We followed the ridgeline north for a bump or two, until it was clear that we would have to descend to go on. It was at this point that Elmer and Dan turned back, believing that we would not make it or that it would turn into 4th class. Some hunting around led us to a 4 foot wide sandy ledge that dropped gently as it traversed the west side of the ridge to the north. The ledge we used is not visible from the low point of the saddle, but others are (which may work, but will not lead to our route).
Following this sidewalk to just before a sharp chute&rib combination that looked impassable, we easily walked under all of the class 5 cliffs and found decomposing granite blocks that formed a zigzag 3rd class route upward and eastward. The blocks terminate in a huge slab with granite intrusions (bumps). This was the most exposed portion of the climb, very high 3rd class (reasonable holds, but nothing to catch you if you slip). The sustained exposure had us wondering if we should go on, so we sent one sacrificial climber up while the others picked more or less secure waiting spots. Exiting the slab on the upper right corner, a rest break turned into an epiphany when a slot through the ridge was spotted. This was not the chockstone or slab mentioned in other route descriptions (or those descriptions exaggerate the size), but there was a 4 foot chimney to pop up through. The summit was only about 100 vertical feet from here, to the north, half 3rd and half 2nd class!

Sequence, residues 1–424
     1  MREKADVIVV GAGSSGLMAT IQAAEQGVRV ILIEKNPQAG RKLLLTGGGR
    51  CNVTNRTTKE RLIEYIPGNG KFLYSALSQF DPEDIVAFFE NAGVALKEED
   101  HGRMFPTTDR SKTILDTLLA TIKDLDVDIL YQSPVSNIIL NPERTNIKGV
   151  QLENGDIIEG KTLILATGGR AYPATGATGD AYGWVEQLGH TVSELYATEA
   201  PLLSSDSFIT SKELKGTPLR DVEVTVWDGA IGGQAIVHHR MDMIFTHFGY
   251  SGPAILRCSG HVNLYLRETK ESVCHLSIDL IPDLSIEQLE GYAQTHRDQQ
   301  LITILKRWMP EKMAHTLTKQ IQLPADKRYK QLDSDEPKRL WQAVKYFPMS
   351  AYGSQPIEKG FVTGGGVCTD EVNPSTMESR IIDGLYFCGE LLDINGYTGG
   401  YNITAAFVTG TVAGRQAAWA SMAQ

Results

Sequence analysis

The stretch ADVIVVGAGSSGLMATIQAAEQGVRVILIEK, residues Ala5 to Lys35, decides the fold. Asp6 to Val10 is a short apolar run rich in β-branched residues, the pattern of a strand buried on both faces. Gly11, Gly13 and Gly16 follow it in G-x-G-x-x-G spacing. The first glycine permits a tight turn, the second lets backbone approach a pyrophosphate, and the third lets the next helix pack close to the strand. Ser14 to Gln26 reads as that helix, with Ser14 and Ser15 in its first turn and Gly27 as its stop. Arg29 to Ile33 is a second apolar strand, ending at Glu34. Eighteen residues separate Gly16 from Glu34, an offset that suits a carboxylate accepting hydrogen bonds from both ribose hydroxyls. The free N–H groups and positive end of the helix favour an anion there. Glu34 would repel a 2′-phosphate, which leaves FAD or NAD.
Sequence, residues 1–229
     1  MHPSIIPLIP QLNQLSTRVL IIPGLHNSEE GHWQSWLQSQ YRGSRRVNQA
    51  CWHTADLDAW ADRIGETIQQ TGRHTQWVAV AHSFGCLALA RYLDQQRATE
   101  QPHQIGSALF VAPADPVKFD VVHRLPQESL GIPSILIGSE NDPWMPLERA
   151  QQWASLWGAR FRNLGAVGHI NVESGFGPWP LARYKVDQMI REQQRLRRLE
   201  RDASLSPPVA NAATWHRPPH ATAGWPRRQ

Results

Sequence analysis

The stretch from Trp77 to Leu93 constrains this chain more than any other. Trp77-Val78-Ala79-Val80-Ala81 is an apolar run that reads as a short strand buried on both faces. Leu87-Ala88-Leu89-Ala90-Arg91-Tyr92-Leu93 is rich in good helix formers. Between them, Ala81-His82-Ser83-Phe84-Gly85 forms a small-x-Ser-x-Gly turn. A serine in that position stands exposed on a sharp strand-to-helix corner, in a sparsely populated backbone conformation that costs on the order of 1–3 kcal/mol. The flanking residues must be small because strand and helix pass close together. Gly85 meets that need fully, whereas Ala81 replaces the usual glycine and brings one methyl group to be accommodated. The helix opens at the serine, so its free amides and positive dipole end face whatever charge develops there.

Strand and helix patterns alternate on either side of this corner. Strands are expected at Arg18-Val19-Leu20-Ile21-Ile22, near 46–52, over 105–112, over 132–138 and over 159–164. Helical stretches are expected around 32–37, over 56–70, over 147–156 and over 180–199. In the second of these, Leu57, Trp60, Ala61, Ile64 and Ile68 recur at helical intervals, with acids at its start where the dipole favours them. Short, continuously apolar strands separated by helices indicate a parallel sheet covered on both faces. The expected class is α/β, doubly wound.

We spent almost an hour at the top, tentatively deciding that this was a new route (or else we had completely misread the other route descriptions). We hit the ridge just south of the summit, from the west. Langsdorf and Secor mention a west-side traverse that appears to cross below the chute&rib where our sidewalk ended, leading to the ridge north of the summit, whereas the standard route(s) seem to stay on the east side of the ridge. We were the first to sign the register this year, and we had no idea why we made it by such an improbable route. The summit register was full of one-page-per-person entries from some group referring to the "inoculum" (please contact the author if you know what this is). Most entries thanked God for getting them there, but some thanked the other members of their party. Several mentioned "paying off" something, and several mentioned setting off smoke bombs on the summit. Very odd!